‘Total American collapse’ before Iran in negotiations, say Israeli officials

The Americans have allegedly even accepted the idea of paying Iran compensation for the economic sanctions slapped on the country.

By Batya Jerenberg, World Israel News

Israeli sources reports a  “total American collapse” before the Islamic Republic’s demands during negotiations in Vienna over returning to the 2015 nuclear deal, Israel Hayom reported Sunday.

According to information reaching Israel, the two sides are close to signing a deal to return to the 2015 nuclear agreement.

Israel Hayom reports that after a mere 11 days of indirect talks in Vienna, the U.S. has decided not to demand that Iran dismantle the new centrifuges that it recently installed, which would have put its uranium-enrichment capability back to the point when the deal was first signed. Iran will only need to disconnect them.

The new centrifuges can separate uranium isotopes 50 times faster than the old designs and is a violation of the original accords.

On Friday, Iran also began enriching uranium far beyond the amount allowed in the deal, to an unprecedented 60%. This has been viewed as an additional pressure tactic by Iran in the negotiations, as it’s a short step to weapons-grade uranium.

President Joe Biden rejected pausing the negotiations as a result. “We are still talking,” he said.

Iranian negotiator Abbas Araqchi was pleased with the pace of the talks on Saturday, saying “a new understanding appears to be emerging,” and that “we believe that we’ve reached the point of formulating a draft understanding.”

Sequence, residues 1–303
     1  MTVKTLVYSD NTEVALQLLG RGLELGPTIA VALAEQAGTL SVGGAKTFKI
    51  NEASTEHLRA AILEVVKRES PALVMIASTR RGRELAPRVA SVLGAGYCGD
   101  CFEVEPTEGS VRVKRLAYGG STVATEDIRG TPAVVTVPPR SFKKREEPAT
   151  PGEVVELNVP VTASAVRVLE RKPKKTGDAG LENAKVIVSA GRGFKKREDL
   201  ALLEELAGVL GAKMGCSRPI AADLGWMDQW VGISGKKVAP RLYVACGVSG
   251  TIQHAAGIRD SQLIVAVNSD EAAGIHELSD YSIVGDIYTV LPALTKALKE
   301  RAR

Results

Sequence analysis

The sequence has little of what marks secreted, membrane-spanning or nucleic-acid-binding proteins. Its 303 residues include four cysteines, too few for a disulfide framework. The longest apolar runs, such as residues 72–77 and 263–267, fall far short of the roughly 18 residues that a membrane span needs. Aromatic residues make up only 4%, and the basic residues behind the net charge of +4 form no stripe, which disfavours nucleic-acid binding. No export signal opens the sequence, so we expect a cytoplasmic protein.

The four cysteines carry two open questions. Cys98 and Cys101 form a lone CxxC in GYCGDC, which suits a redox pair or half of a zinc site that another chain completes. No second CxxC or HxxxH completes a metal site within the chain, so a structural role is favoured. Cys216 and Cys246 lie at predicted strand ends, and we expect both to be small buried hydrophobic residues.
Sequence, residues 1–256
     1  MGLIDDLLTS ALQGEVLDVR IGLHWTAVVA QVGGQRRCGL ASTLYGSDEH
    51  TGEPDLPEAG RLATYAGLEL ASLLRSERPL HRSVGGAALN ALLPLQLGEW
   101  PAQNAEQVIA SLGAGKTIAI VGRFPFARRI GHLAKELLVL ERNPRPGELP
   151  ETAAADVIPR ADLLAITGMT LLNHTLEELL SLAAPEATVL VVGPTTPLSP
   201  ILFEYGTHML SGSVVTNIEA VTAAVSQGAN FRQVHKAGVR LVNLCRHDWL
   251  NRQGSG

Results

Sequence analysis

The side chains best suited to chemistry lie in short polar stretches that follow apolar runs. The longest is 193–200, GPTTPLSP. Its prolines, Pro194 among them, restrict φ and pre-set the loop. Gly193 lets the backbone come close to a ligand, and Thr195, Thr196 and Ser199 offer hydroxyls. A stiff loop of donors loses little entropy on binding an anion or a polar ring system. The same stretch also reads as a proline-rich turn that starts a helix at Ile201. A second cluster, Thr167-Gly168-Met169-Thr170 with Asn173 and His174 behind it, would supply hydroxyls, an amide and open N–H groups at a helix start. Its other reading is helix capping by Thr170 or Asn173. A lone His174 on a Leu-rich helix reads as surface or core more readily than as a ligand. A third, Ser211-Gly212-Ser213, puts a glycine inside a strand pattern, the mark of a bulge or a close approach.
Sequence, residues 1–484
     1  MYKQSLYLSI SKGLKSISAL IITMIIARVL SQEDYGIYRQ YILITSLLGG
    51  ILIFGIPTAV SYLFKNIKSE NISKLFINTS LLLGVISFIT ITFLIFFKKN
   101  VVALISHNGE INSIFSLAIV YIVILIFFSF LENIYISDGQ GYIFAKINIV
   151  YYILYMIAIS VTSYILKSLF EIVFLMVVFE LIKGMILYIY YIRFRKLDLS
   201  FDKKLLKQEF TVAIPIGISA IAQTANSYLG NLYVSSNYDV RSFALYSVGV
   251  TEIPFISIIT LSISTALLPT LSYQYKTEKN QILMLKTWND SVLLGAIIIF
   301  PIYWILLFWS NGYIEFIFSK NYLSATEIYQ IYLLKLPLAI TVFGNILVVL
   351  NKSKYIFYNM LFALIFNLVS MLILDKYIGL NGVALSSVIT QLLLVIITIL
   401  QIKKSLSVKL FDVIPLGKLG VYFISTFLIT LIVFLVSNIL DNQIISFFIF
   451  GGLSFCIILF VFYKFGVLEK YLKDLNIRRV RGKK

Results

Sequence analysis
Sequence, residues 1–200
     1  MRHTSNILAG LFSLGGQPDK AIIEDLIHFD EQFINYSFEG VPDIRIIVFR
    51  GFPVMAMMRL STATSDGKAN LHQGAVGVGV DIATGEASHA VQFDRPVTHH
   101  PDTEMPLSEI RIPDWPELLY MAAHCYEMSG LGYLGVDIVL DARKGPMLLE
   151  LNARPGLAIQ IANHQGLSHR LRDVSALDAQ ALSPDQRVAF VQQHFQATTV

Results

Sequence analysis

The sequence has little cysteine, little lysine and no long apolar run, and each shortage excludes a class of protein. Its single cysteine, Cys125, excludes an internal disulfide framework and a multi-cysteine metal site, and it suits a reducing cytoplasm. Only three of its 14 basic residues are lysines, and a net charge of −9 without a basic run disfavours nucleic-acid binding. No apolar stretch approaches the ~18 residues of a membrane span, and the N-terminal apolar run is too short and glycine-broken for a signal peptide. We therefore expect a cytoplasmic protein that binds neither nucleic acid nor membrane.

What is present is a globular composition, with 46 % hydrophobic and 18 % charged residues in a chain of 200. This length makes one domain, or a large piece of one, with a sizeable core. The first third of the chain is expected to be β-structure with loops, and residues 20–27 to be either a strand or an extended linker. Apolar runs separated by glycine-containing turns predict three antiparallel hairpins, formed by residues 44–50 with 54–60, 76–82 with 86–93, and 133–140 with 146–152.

The negotiators have been working to lift U.S. restrictions . The erasure of sanctions even before compliance is a key Iranian demand.

The Americans have also reportedly accepted in principle the mullahs’ demand for reparations for the economic damages the country suffered as a result of the sanctions imposed by the Trump administration.

Secretary of State Antony Blinken’s initial promises of negotiating a “longer and stronger” deal that would allay Israel’s and regional Sunni Arab allies’ worries about a nuclear Iran seems to have evaporated as well, Israeli officials say.

There is no discussion about a ban on the mullahs’ development of long-range missiles that could carry nuclear warheads, or consequences for Iran’s continuing destabilization of Iraq, Lebanon and Yemen, they say.

Extending the sunset clauses, which drops all restrictions on Iranian nuclear program in just four years’ time, is also seemingly off the table.

“The Americans may want to believe that they will get a better deal in the future,” said one Israeli official, “but the minute they return to the original deal they lose their leverage against Iran, which has no interest in changing the current agreement. This promise [of a better deal] is either a lie or pretending innocence.”

Israel and the U.S. have been communicating over the Iranian issue. Last week, National Security Adviser Jake Sullivan invited his Israeli counterpart, Meir Ben Shabbat, to visit before the end of the month for what will be a third round of strategic talks between the two countries.